With this preliminary data, Chris can begin making steps to pursue an occupation as a Computer User Support Specialist (I, II, III, IV).  His motivation is high because he knows when he finishes his training the opportunities are there.  

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Naomi S. has been working as a Sales Manager for over 10 years. Within her Business Management work, she analyzes her sales projections and calculations by creating spreadsheets and word documents that resembled that of an advanced Excel or MS Word user.  She uses macros and created spreadsheets to make operation decisions clearer.  She doesn’t have a BS but several certificates in various areas.  Using LMI data, Naomi has determined that a career as a Web Developer might be a strong option for her. She tends to migrate toward job functions that allow her to use her hands and solve problems at the same time.  She is investigative by nature.  

Naomi’s research started with OnetOnline as well.  She learned that the average salary for web programmers is $64K and within the next 10 years there will be projected job openings of 58,600.  This is approximately a growth rate of 27% for this job title alone.  Of the respondents that participated in OnetOnline’s  Web Programmer profile research, 20% of the respondents had Associate degrees while another 13% had a post-secondary certificate.  Naomi’s confidence increases because she knows that she may not have to spend the time pursuing a Bachelors to enter the field.  Her chances are decent for landing a job by acquiring an Assoc or Certificate.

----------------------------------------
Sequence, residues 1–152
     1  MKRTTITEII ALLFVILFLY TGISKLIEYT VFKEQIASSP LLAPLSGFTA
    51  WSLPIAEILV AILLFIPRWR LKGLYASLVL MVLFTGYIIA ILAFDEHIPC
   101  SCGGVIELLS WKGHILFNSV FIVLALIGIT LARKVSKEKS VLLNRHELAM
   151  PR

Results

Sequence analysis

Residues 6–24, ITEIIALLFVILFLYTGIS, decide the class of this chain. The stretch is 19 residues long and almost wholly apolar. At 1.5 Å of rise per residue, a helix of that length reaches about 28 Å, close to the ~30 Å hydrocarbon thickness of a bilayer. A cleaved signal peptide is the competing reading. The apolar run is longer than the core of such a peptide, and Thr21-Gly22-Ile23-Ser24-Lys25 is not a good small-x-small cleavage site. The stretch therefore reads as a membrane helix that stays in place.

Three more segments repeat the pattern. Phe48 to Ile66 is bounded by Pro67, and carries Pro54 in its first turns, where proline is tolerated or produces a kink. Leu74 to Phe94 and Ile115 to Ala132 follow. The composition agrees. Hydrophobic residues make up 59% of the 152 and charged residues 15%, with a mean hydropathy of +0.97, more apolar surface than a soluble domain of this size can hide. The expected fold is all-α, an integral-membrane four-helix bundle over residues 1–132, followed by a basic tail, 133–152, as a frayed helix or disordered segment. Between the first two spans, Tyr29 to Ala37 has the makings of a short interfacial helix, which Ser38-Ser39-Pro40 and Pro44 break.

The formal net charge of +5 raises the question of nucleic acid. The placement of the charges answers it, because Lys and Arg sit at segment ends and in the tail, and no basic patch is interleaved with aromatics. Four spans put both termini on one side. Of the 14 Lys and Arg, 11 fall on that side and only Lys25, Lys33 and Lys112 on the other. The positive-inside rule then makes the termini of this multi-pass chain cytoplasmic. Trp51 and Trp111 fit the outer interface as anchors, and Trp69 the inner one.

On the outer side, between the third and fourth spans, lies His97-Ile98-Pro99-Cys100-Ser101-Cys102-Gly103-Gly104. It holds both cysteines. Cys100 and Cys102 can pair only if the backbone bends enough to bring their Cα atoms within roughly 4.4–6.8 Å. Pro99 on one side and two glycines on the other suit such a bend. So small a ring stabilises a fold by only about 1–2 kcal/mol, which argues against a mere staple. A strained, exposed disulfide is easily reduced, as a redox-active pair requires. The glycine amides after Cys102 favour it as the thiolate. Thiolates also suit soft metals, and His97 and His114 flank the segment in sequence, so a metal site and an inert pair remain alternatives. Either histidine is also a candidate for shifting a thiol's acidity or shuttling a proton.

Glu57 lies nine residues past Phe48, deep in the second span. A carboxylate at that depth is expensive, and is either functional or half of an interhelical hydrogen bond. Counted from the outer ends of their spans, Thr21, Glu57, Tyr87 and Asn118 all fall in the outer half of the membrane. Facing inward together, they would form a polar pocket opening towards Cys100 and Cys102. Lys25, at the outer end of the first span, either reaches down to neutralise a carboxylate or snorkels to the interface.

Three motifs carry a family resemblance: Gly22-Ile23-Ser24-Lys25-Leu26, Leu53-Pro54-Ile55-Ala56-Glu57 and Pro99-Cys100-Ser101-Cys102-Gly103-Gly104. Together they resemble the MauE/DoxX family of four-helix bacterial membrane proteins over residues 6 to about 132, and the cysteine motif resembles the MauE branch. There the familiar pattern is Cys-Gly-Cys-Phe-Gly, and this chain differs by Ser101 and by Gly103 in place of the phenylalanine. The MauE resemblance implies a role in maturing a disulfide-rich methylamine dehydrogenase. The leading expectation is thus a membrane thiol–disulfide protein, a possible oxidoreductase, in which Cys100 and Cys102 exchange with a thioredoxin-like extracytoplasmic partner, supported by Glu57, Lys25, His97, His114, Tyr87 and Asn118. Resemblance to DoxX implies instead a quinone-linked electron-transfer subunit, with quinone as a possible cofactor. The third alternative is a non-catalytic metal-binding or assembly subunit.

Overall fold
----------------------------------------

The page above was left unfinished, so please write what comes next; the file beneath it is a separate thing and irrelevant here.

The Occupation Outlook Handbook showed Naomi that there are similar occupations related to Web Developer that she could explore such as computer programmer, software developer and database administrators.  While many of these similar occupations may require a BS or higher, Naomi can weigh those decisions prior to investing large amounts of time and money.  

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Naomi explores Career OneStop to collect LMI data related to the Information Technology industry with respect to her local area.  Her research shows that in 2013 there were 1569 establishments that specialized in Professional, Scientific, Technical and Computer System Design Services (Industry Group # 5415) in her state.  This same industry profile showed that over 42k were employed in North Carolina and the average wages paid in the IT sector was $84,760.  

Naomi will begin to focus on companies classified under this number and network within this industry to ensure she is well connected with companies. She can land with one of these companies by the time she finishes her degree/certification.  

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Click here to view a complete list of the top IT professions, salaries and education level required.

Interested in working with a career coach, contact Smart Moms info@smart-moms.net